Kathleen Danzey Cohen
Self-contained sixth and seventh grade subjects; seventh and eighth grade social studies, language arts, drama, and science.
For eighteen years I taught in the Diocese of San Jose at St, Leo and St, Patrick Schools. For nineteen, I taught and was an intervention specialist at Miller Middle School in Cupertino Unified School District. For the last four years, I have served as Assistant Principal at Miller during maternity leaves, taught in an after school writing project at Laneview School in Berryessa District, and have been a teaching coach for Cupertino and Los Altos School Districts.
Local writing project:
San Jose Area Writing Project (SJAWP)
Awards & Recognition
- SJAWP Teacher Consultant
- Guilder Lehrman History Project Fellow
- CUSD Teacher of the Year
Two of my teaching mates attended the Invitational Leadership Institute at San Jose State University, probably in the late nineties. I could see right away that they had an entirely new slant on teaching writing. I stopped looking at writing as organization and grammar exercises meant to be homework, and began to see writing as an integral part of my teaching day with much of it achieved in class, shared and celebrated. Being in the Leadership Institute and having SJAWP colleagues for support, I completely changed my teaching and definitely for the better. Most important, I learned to write with my students and share my writing with them.
I was the kind of writer that would never finish anything on time, and I was never satisfied with what I wrote. The Leadership Institute gave me courage to try poetry and narratives and to finish them. I had not seen myself as a writer, and SJAWP gave me confidence, so I could write personally, from the heart.
Because of SJAWP and the Leadership Institute, I honed my leadership skills, have lead district level projects, many Saturday Seminars, and Leadership Institute writing groups. The best advice I can give younger SJAWP teachers is to participate and lead at the school site. The profession needs good teachers to be involved.
Write every day, and have your students write everyday. Even if it’s only a sentence, write and share. Keep writing in notebooks. Chromebooks are fine, but there seems to be a pencil/ brain relationship that encourages authors. Use mentor texts and children’s books religiously. Students will write more confidently if they talk about what they are going to write before they put pencil to paper. Have your students find and keep a list of “golden sentences” that capture their imaginations. Copy and keep your own collection of “golden sentences” that include student writing. Don’t be afraid to teach grammar and usage. Use your students’ errors to inform your teaching. If you tell them you’re going to do this and don’t publish their names, they won’t mind. Rather than use the red pen, try writing conferences where you can encourage improvement and support the young authors. Students need to write in all their classes, and when you support history or science teachers, they will be far more likely to continue writing in their classrooms.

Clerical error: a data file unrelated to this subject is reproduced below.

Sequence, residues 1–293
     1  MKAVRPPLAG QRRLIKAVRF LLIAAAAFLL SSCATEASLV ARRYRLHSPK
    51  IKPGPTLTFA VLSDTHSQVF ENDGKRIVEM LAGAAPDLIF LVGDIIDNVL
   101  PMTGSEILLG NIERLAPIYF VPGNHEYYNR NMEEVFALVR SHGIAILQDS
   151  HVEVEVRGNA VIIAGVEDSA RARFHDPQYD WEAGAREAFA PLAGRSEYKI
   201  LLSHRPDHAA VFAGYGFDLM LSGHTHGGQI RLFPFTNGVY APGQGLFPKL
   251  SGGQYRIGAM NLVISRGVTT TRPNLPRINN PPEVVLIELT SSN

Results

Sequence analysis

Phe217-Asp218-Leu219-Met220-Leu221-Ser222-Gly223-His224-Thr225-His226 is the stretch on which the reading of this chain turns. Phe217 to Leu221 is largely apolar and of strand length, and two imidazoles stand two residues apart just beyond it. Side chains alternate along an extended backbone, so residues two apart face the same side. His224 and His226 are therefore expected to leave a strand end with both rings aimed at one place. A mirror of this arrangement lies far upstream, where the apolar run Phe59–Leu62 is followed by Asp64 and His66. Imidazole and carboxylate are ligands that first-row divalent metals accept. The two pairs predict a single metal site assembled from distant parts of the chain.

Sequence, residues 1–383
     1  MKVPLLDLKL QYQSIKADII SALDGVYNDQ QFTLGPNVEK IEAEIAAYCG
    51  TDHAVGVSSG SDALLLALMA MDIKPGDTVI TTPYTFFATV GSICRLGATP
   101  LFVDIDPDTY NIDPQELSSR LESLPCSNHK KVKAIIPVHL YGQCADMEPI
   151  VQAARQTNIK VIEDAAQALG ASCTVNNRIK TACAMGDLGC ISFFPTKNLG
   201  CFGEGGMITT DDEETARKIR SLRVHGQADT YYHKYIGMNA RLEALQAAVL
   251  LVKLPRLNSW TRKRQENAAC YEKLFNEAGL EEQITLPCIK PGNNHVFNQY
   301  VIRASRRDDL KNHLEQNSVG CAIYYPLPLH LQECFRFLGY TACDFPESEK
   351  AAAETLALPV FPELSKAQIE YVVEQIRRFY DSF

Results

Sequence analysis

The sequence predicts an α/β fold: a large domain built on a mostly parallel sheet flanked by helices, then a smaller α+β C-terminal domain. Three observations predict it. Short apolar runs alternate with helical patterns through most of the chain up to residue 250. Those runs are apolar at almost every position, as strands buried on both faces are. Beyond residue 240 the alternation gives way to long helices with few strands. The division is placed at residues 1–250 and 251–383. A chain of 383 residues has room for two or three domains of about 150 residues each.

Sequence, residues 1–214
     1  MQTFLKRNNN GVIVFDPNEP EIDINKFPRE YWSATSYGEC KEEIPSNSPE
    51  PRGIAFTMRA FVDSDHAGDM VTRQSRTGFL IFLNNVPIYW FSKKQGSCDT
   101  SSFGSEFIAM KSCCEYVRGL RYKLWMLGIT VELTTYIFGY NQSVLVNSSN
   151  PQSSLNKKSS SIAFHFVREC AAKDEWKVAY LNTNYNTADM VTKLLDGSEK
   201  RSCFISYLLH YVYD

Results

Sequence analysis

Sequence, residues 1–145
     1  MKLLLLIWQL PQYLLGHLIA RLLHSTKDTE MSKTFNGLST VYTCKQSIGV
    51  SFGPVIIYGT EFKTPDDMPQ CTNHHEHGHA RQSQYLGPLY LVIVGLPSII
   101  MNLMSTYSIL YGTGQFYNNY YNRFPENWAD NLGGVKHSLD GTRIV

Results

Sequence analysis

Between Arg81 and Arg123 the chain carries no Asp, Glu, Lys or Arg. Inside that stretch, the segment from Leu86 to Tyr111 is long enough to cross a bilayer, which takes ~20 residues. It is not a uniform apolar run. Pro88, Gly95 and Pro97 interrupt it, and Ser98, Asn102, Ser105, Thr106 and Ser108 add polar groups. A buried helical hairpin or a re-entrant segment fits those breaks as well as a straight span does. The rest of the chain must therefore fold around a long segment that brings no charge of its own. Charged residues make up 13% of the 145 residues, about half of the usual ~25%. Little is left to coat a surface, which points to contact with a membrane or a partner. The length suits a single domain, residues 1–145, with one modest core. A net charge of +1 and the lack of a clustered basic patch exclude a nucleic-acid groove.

Carol Jago has had a profound impact on me. I love her writing assignments especially those that use poetry. Tracy Kidder’s book, Good Prose, is particularly helpful with beginnings and endings. My writing bible, always by my bed, is Anne Lamott’s Bird by Bird. Finally, Patti Smith doesn’t write about writing, but her thoughtful, simple prose provides great mentor texts. Dr. Mary Werner’s book, Writing in an Age of Assessment, Grades 7 – 12:Passion and Practice, is co-authored by SJAWP Teacher Consultants and Dr. Jonathan Lovell. It has great ideas and can inspire teacher writing.